LECTURE NOTES MARCH 11
The New Colossus
by Emma Lazarus
Not like the brazen giant of Greek fame,
With conquering limbs astride from land to land;
Here at our sea-washed, sunset gates shall stand
A mighty woman with a torch, whose flame
Is the imprisoned lightning, and her name
Mother of Exiles. From her beacon-hand
Glows world-wide welcome; her mild eyes command
The air-bridged harbor that twin cities frame.
"Keep, ancient lands, your storied pomp!" cries she
With silent lips. "Give me your tired, your poor,
Your huddled masses yearning to breathe free,
The wretched refuse of your teeming shore. Send these, the homeless, tempest-tossed to me,
I lift my lamp beside the golden door!"
twin cities: New York and Brooklyn
storied pomp: legendary ceremonies
Statue of Liberty
History of The Statue of Liberty
The Statue of Liberty National Monument
officially celebrated her 100th birthday on October 28, 1986. The people of France gave the Statue to the people of the United States over one hundred years ago in recognition of the friendship established during the American Revolution. Over the years, the Statue of Liberty's symbolism has grown to include freedom and
democracy as well as this international friendship.
Sculptor Frederic Auguste Bartholdi was commissioned to design a sculpture with the year 1876 in mind for completion, to commemorate the centennial of the American Declaration of Independence. The Statue was a joint effort between America and France and it was agreed upon that the American people were to build the pedestal, and the French people were responsible for the Statue and its assembly here in the United States. However, lack of funds was a problem on both sides of the Atlantic Ocean. In France, public fees, various forms of entertainment, and a lottery were among the methods used to raise funds. In the United States, benefit theatrical events, art exhibitions, auctions and prize fights assisted in providing needed funds.
Meanwhile in France, Bartholdi required the assistance of an engineer to address structural issues associated with designing such a colossal copper sculpture. Alexandre Gustave Eiffel (designer of the Eiffel Tower) was commissioned to design the massive iron pylon and secondary skeletal framework which allows the Statue's copper skin to move independently yet stand upright. Back in America, fund raising for the pedestal was going particularly slowly, so Joseph Pulitzer (noted for the Pulitzer Prize) opened up the editorial pages of his newspaper, "The World" to support the fund raising effort. Pulitzer used his newspaper to criticize both the rich who had failed to finance the pedestal construction and the middle class who were content to rely upon the wealthy to provide the funds. Pulitzer's campaign of harsh criticism was successful in motivating the people of America to donate.
Financing for the pedestal was completed in August 1885, and pedestal construction was finished in April of 1886. The Statue was completed in France in July, 1884 and arrived in New York Harbor in June of 1885 on board the French frigate "Isere" which transported the Statue of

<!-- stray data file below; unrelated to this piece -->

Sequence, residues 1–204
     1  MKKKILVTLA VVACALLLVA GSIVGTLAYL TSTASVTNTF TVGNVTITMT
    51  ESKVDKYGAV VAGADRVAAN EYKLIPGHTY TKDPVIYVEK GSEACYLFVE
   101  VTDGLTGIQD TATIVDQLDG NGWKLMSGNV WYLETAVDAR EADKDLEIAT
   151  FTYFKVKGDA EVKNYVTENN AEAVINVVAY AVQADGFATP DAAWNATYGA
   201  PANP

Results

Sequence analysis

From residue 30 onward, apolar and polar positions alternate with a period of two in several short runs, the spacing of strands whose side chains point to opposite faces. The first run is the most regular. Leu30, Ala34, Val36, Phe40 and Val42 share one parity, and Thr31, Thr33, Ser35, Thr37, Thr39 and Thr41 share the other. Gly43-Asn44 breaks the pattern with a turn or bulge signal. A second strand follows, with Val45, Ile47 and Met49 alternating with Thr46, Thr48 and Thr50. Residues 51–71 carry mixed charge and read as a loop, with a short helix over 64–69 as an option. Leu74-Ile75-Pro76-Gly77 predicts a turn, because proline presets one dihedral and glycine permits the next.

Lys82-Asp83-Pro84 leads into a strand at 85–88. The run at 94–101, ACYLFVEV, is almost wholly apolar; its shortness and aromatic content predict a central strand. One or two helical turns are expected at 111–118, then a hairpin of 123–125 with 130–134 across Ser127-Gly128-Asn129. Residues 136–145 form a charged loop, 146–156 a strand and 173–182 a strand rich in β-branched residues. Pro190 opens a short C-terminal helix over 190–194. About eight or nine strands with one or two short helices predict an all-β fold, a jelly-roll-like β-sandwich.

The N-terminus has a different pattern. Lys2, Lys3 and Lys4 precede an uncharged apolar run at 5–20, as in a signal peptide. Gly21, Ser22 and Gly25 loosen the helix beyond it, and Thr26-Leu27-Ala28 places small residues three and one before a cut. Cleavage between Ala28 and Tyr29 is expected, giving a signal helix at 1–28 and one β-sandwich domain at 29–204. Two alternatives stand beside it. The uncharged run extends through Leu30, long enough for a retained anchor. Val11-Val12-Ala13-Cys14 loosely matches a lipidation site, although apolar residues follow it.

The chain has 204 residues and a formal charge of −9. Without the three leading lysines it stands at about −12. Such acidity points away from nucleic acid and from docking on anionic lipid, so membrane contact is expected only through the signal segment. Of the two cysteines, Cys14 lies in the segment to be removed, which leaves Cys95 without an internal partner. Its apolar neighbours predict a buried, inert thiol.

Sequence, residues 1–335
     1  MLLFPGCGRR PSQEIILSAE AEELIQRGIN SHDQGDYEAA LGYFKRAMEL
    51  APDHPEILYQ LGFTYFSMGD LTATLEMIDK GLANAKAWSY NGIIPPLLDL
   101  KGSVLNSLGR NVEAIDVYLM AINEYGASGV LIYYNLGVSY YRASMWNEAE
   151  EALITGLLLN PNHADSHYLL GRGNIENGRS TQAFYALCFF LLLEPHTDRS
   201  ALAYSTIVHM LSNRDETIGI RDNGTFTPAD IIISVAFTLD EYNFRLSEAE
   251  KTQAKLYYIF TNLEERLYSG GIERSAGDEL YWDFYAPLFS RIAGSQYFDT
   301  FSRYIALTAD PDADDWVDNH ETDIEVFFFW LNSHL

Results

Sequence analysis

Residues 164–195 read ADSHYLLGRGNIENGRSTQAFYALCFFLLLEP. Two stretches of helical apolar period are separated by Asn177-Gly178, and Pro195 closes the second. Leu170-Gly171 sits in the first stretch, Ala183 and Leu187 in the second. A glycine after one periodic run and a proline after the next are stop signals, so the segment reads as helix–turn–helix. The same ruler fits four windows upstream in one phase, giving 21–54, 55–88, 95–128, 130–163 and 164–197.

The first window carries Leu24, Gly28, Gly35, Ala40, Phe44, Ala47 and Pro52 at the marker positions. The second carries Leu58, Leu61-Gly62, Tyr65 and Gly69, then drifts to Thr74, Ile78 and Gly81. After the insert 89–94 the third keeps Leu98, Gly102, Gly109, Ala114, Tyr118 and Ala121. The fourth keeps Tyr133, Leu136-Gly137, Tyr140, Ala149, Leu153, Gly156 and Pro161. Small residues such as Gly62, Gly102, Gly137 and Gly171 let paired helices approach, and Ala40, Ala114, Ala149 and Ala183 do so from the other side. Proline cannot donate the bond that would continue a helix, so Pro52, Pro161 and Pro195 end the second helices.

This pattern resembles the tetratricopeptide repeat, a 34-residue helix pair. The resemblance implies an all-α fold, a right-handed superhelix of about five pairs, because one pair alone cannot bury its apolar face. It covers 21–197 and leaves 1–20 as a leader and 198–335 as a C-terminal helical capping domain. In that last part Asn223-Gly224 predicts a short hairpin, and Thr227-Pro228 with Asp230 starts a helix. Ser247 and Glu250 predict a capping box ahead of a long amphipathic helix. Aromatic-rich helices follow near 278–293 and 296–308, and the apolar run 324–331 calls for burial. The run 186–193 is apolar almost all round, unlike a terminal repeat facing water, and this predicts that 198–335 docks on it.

Liberty from France to the United States. In transit, the Statue was reduced to 350 individual pieces and packed in 214 crates. The Statue was re-assembled on her new pedestal in four months time. On October 28th 1886, the dedication of the Statue of Liberty took place in front of thousands of spectators. She was a centennial gift ten years late.
The story of the Statue of Liberty and her island has been one of change. The Statue was placed upon a granite pedestal inside the courtyard of the star-shaped walls of Fort Wood (which had been completed for the War of 1812.) The United States Lighthouse Board had responsibility for the operation of the Statue of Liberty until 1901. After 1901, the care and operation of the Statue was placed under the War Department. A Presidential Proclamation declared Fort Wood (and the Statue of Liberty within it) a National Monument on October 15th, 1924 and the monument's boundary was set at the outer edge of Fort Wood. In 1933, the care and administration of the National Monument was transferred to the National Park Service. On September 7, 1937, jurisdiction was enlarged to encompass all of Bedloe's Island and in 1956, the island's name was changed to Liberty Island. On May 11, 1965, Ellis Island was also transferred to the National Park Service and became part of the Statue of Liberty National Monument. In May of 1982, President Ronald Reagan appointed Lee Iacocca to head up a private sector effort to restore the Statue of Liberty. Fundraising began for the $87 million restoration under a public/private partnership between the National Park Service and The Statue of Liberty-Ellis Island Foundation, Inc., to date the most successful public-private partnership in American history. In 1984, at the start of the Statue's restoration, the United Nations designated the Statue of Liberty as a World Heritage Site. On July 5, 1986 the newly restored Statue re-opened to the public during Liberty Weekend, which celebrated her centennial.
Contemporary results of immigration
In pure population figures, San Francisco breaks down now like this: Whites
number 337,451, or 42 percent; Asians 265,700, or 33 percent; Latinos 121,774, or 15.1 percent; and blacks 46,781, or 5.8 percent.
According to 2008 American Community Survey estimates, California's